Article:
Gables Uptown Trail is a seven-story, luxury multi-family building that hosts 334 apartments and is located in Uptown Dallas, adjacent to The Katy Trail. The structure has a stucco façade, which had cracked over time. Chamberlin’s experience in building envelope repair and restoration led to them being selected to make exterior refurbishments on the mid-rise apartments.
This year-long project kicked off in January of 2017. To combat the wear and tear the elements had inflicted on the exterior of the building, Chamberlin performed joint sealant replacement, power washing, stucco repair, balcony cleaning and painting and installation of a waterproof coating on the entire building envelope. The result was a pristine façade that was watertight to protect the residents from water intrusion.
Revitalizing a Dallas Luxury Community
This building boasts unique aesthetics with five different colors on the façade, creating a color-by-numbers effect when matching the new coating to the preexisting colors. Chamberlin performed multiple mock-ups of caulking and coating samples to determine which colors would be the closest match to the original construction.
Before the coating application began, the crew tested the stucco for moisture. The hand-held reader reported if the moisture level was low, medium or high. For proper adhesion, the product could not be installed at any level greater than low. Drying time for the stucco had to be allotted after power washing or rain, and these times varied depending on temperature and sun exposure.
Chamberlin performed quality control checks throughout the project for the manufacturer, the consultant and the owner. Cheeseclothswere placed in sections of the coatings for pull tests, which were also performed on the joint sealants to confirm adhesion. All tests passed with flying colors.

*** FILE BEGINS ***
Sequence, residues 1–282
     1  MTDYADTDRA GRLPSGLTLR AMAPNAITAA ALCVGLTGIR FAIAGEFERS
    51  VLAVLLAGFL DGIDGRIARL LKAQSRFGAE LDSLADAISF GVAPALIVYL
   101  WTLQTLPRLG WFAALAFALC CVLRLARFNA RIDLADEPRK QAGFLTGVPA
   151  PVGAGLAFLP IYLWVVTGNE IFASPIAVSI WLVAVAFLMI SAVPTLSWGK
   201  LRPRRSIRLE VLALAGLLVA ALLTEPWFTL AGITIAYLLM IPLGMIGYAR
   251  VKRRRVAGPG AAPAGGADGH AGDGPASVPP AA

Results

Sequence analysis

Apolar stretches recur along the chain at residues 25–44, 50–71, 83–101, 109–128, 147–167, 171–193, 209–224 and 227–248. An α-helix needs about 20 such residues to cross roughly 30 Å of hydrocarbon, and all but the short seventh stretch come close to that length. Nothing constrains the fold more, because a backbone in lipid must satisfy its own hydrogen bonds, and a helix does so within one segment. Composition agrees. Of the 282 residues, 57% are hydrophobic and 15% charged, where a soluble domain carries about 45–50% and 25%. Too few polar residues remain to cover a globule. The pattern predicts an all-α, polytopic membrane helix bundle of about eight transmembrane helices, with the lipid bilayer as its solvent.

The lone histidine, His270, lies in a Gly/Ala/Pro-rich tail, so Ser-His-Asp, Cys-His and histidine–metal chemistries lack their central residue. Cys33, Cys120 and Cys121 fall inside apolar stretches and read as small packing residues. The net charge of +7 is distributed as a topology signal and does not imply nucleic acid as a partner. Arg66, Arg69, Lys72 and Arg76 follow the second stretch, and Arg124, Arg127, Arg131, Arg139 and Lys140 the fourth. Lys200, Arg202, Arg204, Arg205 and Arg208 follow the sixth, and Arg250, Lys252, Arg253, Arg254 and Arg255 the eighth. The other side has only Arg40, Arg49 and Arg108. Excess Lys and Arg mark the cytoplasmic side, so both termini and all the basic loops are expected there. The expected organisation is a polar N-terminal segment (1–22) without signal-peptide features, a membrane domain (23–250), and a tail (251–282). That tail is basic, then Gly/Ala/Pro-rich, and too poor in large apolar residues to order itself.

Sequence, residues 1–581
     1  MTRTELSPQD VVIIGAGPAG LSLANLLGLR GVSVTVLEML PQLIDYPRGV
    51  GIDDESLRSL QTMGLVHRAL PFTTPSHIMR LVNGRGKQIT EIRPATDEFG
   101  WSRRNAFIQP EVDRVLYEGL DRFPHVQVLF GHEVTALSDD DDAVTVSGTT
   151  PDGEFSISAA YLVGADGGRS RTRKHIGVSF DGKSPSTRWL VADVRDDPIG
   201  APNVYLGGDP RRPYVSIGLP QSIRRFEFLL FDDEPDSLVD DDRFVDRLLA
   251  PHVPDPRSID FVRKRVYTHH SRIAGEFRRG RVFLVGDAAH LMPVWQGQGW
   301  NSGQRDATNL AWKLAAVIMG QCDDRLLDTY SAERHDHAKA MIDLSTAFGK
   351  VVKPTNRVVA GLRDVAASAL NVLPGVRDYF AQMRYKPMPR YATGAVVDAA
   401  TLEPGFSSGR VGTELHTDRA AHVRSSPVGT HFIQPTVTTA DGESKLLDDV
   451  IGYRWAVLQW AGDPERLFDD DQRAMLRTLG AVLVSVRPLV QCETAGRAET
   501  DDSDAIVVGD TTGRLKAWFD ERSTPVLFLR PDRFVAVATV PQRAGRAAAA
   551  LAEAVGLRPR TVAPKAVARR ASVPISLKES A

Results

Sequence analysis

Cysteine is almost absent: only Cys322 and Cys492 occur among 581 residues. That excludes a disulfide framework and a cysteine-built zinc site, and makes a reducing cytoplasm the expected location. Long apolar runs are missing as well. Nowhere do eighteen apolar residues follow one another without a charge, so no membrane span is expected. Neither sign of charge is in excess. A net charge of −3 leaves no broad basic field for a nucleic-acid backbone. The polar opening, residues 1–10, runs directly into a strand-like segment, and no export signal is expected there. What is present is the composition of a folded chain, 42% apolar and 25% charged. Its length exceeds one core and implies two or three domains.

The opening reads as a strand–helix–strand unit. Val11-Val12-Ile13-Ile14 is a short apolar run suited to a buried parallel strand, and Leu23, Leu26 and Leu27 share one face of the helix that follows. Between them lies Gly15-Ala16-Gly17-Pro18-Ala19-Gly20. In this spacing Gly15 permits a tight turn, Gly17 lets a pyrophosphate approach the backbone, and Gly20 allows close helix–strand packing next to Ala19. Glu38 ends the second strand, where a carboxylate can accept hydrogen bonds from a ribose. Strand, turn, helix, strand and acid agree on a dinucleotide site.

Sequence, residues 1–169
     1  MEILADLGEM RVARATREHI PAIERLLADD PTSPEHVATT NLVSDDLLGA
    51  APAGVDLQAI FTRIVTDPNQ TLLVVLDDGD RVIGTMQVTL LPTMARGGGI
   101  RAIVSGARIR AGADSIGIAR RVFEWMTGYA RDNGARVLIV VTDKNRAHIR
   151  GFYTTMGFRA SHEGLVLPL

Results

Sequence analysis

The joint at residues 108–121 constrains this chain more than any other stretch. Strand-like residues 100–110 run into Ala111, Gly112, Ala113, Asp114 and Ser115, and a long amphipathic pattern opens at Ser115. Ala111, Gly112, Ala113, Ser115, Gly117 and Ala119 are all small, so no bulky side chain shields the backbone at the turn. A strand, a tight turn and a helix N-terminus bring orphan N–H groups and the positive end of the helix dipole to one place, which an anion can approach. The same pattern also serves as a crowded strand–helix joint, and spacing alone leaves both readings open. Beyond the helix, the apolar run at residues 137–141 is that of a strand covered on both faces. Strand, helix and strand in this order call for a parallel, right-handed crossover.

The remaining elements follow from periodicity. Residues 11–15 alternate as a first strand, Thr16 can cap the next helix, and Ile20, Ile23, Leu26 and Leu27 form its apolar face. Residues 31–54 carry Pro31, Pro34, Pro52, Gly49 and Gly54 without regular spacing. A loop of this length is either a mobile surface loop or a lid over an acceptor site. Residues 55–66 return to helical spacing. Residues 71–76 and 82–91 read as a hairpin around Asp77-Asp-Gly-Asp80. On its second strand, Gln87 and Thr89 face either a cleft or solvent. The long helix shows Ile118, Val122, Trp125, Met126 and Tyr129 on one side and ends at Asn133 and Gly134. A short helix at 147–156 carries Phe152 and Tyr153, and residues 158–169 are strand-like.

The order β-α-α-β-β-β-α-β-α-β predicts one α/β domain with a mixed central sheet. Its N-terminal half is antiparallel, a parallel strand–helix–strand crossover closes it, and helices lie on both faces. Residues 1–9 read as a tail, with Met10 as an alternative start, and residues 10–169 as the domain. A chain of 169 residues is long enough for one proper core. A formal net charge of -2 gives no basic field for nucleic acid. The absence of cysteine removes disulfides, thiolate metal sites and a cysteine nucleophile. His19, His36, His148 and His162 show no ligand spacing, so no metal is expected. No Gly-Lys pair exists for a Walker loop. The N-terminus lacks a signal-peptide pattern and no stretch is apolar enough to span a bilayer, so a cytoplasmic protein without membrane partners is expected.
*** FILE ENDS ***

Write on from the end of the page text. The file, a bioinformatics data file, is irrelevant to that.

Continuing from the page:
The application of the different colored coatings took precision and detail. Where two different colors met, a razor straight line was required with no overlap in color. Chamberlin crew members handled this two-coat installation with great care, and the results impressed the entire project team.
The material specified for the waterproof coating added an additional challenge to the precise application process. GE SilShield 2400 is a 100% silicone barrier that retains color beautifully while sealing out water and serving as a barrier for air intrusion. Silicone sealants are UV resistant and resilient to the elements, degrading less easily than water-based sealants. While these qualities benefit the building, they add a level of difficulty to the installation. Crew members worked meticulously to avoid dripping or splattering the coating on other areas of the building, balconies below, the sidewalk, vehicles or anything else in surrounding areas. A special cleaner is required to remove any displaced coating, and even with the cleaner many times, the coating will not come off. Tarps covered windows, railings, cars and other objects for added protection.
Wind and extreme heat further compounded the situation. Normally, the material cures within an hour or two, but the heat was accelerating the drying pace. This made the areas where the application strokes overlapped visible, whereas usually, the coats would blend together. To overcome the rapid drying, Chamberlin consulted with the manufacturer and added 5% paint thinner to the coating. This solution was successful and covered the visible overlaps from the one drop that was already complete.
Chamberlin performed over 100 drops with five swing stages working simultaneously to complete the building envelope restoration. The intricate design of the building posed challenges for the design and rigging of the swing stages.
Many different sizes and shapes of swing stages were built to maneuver around the facility’s multiple eyebrows, balconies and other protrusions. Chamberlin built U-shaped stages, L-shaped stages, stages of multiple widths and extensions to access the different areas of the façade. They also utilized a boom lift, scissor lift, scaffolding and a mass climber in areas a swing stage could not be hung, such as the curved façade on the building’s front.
A pitch on the roof’s parapet wall forced the anchor point for the swing stages farther into the roof’s center. Swing stages with a longer reach, such as those dropping over balconies, required anchor points even farther in. HVAC and the multitude of other roof equipment added additional challenges, leaving limited roof space for rigging. Long beams, up to 2,000 pounds of counterweights and strong back cables to prevent the beams from bending were utilized to complete this complicated rigging situation.
Chamberlin had a competent person inspect the rigging and stages every day before work began, and every crew member went through swing stage training before the job started. The project was completed with no safety incidents and all crew members returning home safely each night. Chamberlin Superintendent Jerry Elliott stated, “All the guys worked together to overcome any difficulties faced and did so safely.”